Salut d’amour Luka Okros at Elgar Room

What better way to spend Valentines day than a coffee concert in the Elgar room at the Royal Albert Hall. Everything red starting with Elton Johns Red Piano Tour piano right down to the red coffee cups. Luka Okras just married playing a superb programme of Debussy,Rachmaninoff,Schumann and Liszt. The silence that greeted the end of the Kinderscenen said it all.The Poet Speaks and thus it was .Such was the way he let every piece speak in a deceptively simple way ,the packed out Elgar Room were mesmerised by this poet of the piano. Right from the first work Childrens Corner it was clear that we were in for a very special concert from a real musician.Little were the public aware,quite rightly so,of his mastery of the pedals on this not easy piano bequethed to the hall by Marksons Pianos. We were not without fireworks too in Rachmaninoffs scintilating Moment Musicaux n.4 or the virtuosity in Liszts old warhorse of Second Hungarian Rhapsody…no idea who the cadenza was by ,but it brought the house down and I think a smile of approval from Elgar. I was hoping indeed for Salut D`Amour today of all days . Instead we got a magical performance of Bach/Siloti Prelude in B minor . Wonderful choice of programme much appreciated by all present and indeed having been a bit perplexed by a previous performance of Luka s of much bigger works now I am completely won over .Not only the choice of repertoire but maybe the choice of a companion for life has made all the difference. I like to think so on today of all days as I rush to lunch with my much adored 103 year old Valentine today! Once again Canan Maxton always present to support in person another from her remarkable stable. They do say that birds of a feather flock together.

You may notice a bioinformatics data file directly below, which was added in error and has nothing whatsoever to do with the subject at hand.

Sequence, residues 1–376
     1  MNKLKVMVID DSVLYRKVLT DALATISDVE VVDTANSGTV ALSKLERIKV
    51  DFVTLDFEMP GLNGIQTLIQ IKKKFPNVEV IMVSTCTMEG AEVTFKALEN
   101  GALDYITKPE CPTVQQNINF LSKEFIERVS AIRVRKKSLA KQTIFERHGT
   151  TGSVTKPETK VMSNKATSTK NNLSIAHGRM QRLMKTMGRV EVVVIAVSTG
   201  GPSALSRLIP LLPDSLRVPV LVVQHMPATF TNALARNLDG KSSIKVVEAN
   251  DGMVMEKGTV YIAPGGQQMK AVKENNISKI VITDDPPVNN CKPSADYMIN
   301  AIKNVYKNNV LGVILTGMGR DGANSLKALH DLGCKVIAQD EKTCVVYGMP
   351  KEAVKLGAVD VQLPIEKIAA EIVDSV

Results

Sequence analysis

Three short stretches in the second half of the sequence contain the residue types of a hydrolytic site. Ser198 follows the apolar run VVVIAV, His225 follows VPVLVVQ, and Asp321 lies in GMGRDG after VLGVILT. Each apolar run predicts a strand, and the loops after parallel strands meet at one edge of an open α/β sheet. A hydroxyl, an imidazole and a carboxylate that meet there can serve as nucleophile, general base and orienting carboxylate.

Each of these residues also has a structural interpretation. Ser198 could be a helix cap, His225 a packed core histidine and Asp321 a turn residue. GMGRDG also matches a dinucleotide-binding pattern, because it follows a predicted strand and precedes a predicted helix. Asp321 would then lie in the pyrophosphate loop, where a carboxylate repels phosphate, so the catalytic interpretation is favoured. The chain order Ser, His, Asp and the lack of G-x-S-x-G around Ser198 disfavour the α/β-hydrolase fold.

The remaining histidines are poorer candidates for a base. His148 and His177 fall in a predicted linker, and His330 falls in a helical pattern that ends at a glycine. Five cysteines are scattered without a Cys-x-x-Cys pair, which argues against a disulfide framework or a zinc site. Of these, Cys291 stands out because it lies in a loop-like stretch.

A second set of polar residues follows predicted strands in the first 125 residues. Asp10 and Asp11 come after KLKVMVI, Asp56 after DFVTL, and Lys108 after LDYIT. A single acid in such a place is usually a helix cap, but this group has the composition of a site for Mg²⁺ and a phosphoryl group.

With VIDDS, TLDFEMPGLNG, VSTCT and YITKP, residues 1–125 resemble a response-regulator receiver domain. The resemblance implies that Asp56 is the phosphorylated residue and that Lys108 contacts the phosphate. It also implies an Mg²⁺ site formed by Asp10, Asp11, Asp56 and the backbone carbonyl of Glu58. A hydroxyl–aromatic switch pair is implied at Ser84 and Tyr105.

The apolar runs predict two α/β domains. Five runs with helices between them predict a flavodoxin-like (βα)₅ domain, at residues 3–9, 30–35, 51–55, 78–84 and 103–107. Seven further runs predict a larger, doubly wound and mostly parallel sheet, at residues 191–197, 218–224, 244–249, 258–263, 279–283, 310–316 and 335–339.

HIN-YAT TSANG’S BIRTHDAY CONCERT

Hin -Yat Tsang`s Birthday Concert. I well remember Eleanor Wong`s rigorous Beethoven all those years ago at the RAM when she in her final year sought out a fresher to try out her programmes on. Eleanor was Hin Yats first teacher in Hong Kong where she founded and runs the International Piano Competition. Her teacher,and my mentor and admirer ,Frederick Jackson.A remarkably complete musician whose dream was to conduct the Verdi Requiem. As our contemporary Graham Johnson reminded me recently a dream come only partly true as he suffered a heart attack during his performance in the Dukes Hall.
Some remarkably beautiful sounds in the Sonata op101. If the clockwork precision was not perfect it was a remarkably mature and much felt interpretation. Impresiones Intimas by Mompou and the Scriabin third sonata sounded like another pianist . Such were the ravishing sounds in Mompou where every note had a heartbreaking meaning . The very attentive audience were taken completely by surprise by the sheer onslaught of the Scriabin. Sumptuous rich,never harsh sounds mingled with the most liquid of languid cantabile made for a truly demonic performance. Almost as a benediction ,an encore of the sublime sarabande from the fifth French Suite by Bach. How I remember the performances of Bach that his teacher shared to a young eighteen year old student in one of the lonely practise studios at the RAM. What nostalgia for the RAM…..and.Freddie …………listening to this young artist on his birthday. They may not make them like that any more but what remarkable talent there is these days.

Hausmusik in Ealing